Social Hangovers: Feeling Tired After Socializing

As humans, we're intensely social animals, some of us more so than others. However, maintaining social contact can sometimes be exhausting.
Social Hangovers: Feeling Tired After Socializing
Elena Sanz

Written and verified by the psychologist Elena Sanz.

Last update: 21 December, 2022

You probably know the unpleasant feeling after a night of too much alcohol. You feel exhausted with a foggy brain. In fact, your body needs to rest and your mind too and you just want to stay home and recover. However, have you ever felt similar symptoms after spending time socializing?  As a matter of fact, social hangovers can affect us all, but there are some people who are more vulnerable and who may need to take certain precautionary measures.

At first glance, it may seem contradictory that socializing can affect you in this way. After all, socializing is an enjoyable activity that you do voluntarily in your leisure time. Nevertheless, interacting with others can lead you to use up too many of your cognitive resources.

For example, you have to pay attention to everyone’s conversations and non-verbal language and think about what you’re going to say and how to behave. Furthermore, all of this takes place in an extremely stimulating environment that’s often full of lights, sounds, and lots of people.

Whether you experience a social hangover often, or only occasionally, you’ll want to know what causes it and what you can do about it.

tired man

Why do you experience social hangovers?

A social hangover isn’t a syndrome. In fact, it’s simply a colloquial expression that describes a state of physical, mental, and emotional exhaustion that occurs after spending time with other people. It makes your movements slower. In addition, your mind takes longer to process information and you feel listless and irritable. It can even generate somatic symptoms, such as headaches or muscle aches, due to the tension produced by the socialization period.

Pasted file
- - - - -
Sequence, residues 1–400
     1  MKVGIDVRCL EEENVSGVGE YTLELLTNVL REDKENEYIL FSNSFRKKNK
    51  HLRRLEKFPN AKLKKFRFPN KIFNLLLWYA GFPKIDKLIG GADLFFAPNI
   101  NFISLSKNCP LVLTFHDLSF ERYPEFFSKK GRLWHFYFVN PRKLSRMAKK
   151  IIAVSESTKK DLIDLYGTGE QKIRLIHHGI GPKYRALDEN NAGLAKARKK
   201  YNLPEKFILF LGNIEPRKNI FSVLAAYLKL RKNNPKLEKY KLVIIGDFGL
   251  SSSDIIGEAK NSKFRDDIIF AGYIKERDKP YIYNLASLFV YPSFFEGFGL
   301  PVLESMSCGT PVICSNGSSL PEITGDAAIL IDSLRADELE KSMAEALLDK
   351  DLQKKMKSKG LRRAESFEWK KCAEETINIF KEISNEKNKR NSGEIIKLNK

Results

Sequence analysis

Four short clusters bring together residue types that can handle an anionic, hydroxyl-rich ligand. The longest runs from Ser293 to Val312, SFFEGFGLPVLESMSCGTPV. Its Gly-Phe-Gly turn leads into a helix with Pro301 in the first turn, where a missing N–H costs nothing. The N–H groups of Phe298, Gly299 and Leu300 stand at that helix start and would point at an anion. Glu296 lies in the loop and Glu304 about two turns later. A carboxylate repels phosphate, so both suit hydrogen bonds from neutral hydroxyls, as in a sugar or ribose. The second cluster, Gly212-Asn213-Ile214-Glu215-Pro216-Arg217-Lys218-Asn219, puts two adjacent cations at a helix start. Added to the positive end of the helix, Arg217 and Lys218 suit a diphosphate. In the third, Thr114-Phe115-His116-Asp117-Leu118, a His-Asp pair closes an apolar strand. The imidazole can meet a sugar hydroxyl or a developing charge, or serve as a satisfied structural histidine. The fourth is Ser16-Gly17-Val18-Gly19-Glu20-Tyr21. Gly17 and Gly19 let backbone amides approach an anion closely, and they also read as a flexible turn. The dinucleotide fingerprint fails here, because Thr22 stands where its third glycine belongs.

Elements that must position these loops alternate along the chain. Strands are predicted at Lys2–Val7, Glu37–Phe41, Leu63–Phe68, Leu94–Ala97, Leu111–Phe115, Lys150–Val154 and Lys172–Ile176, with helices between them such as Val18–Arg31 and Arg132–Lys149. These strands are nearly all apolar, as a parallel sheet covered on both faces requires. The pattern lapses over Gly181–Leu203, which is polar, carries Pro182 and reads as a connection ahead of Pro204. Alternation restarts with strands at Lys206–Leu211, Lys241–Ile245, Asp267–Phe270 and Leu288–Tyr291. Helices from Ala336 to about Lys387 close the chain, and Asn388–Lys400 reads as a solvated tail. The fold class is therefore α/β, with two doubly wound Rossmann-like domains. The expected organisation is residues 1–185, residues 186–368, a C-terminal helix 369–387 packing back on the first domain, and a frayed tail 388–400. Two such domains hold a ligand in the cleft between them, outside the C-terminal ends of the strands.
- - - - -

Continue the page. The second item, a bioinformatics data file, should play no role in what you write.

So, why do you feel this way after such essential and apparently enjoyable activities? These are the main reasons:

1. Introversion

As we mentioned earlier, there are certain personality traits that can make some people more vulnerable to social hangovers. For instance, introverted people have a certain tendency to recover their energy in solitary activities (unlike extroverts). They’re more focused on reflection, introspection, creativity, and their inner world. Therefore, continuous social interaction can make them feel exhausted.

This doesn’t mean that introverts should live in isolation, far from it. We’re all social beings and contact with others is necessary and good for us. However, an introvert must intersperse periods of solitude with outings in company so as not to become overwhelmed.

2. High sensitivity

Highly sensitive people may also feel more exhausted after socializing. This is because their nervous system is more receptive and permeable to environmental stimuli. They process more signals than others and do so more deeply. Consequently, a simple conversation in a bar can feel far more stimulating and overwhelming to them than it does to others.

These people feel, analyze, and respond more to environmental stimuli, such as lights, sounds, and touch. They also perceive emotional stimuli and non-verbal signals from their interlocutors more intensely. Therefore, their perception and processing of subtleties make the process of socializing more demanding, leading to greater fatigue.